HAGERSTOWN, Md. (DC News Now) — Maryland Governor Wes Moore proposed a paid ‘gap year’ for high school graduates last month modeled after national programs like Peace Corps and VISTA.

Under this program, high school graduates could participate in community service projects around the state later this year.

The gap year would precede enrolling in college or entering the workforce.

“It builds a work ethic,” said Leonard Walker, III, a Hagerstown parent. “Helps them build character.”

Hagerstown mom Loren Hays agreed.

“They can do habitat for humanity and really see the nitty gritty things about life. Kids, honestly, need to see the real life situations we face in our own community,” she said.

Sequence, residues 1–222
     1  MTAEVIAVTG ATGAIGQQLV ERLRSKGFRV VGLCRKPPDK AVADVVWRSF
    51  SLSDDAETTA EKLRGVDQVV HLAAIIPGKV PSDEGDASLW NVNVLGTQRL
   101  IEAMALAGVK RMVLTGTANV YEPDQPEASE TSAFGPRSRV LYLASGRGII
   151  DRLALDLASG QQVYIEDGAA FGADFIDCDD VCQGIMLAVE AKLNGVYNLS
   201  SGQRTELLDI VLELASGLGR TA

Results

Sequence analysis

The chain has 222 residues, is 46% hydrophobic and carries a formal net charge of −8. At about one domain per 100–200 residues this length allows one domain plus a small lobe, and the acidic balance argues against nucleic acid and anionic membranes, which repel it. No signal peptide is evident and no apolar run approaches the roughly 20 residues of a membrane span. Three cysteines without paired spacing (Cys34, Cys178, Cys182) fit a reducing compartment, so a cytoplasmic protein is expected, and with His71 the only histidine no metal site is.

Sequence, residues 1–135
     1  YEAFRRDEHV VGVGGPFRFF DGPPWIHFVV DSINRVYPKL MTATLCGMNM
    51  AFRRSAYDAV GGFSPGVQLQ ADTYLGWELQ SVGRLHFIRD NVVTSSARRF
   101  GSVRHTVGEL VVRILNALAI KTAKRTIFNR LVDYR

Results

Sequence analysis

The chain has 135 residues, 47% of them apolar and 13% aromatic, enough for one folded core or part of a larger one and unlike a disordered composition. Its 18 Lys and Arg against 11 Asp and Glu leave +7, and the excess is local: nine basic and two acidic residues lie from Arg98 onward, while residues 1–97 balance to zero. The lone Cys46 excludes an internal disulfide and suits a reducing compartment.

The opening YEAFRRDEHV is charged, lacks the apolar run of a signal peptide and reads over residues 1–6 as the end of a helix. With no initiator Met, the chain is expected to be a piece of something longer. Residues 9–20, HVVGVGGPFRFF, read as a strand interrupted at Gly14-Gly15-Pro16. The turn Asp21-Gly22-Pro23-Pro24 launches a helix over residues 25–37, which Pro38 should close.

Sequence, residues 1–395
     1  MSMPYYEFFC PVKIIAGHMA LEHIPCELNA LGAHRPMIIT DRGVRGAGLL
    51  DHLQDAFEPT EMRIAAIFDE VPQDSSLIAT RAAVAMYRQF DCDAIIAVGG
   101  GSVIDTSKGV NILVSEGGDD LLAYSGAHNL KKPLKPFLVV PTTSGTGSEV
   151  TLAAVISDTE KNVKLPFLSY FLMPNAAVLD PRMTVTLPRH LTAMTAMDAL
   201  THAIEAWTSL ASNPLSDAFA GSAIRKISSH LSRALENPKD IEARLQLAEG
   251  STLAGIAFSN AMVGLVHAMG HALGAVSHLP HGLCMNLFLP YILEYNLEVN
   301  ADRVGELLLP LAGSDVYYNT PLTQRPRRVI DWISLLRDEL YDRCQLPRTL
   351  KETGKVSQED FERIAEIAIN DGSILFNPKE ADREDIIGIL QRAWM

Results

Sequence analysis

Walker said the grads “can help with Meals on Wheels, anything that helps the elderly, maintenance programs in office buildings learning the workings of environmental systems.”

The grads are paid $15 per hour and receive a $3,000 stipend they can use for college.

“I think we expect our students, seniors in high school, to know what they want to be when they grow up, whether it be in government or something else down the road. — but I think it is a great opportunity to take a break,” said Hagerstown City Council Member Shelley McIntire.

McIntire said she sees the program as a win for the student and a win for the communities served.

“We build this community for our future and imagine the kids being able to be a part of that future and have even more pride for where they live,” McIntire said.

Volunteering dropped during the pandemic. Governor Moore said his plan will help with those neglected projects. He hopes to have 200 participants this year and 2,000 in year four of the program.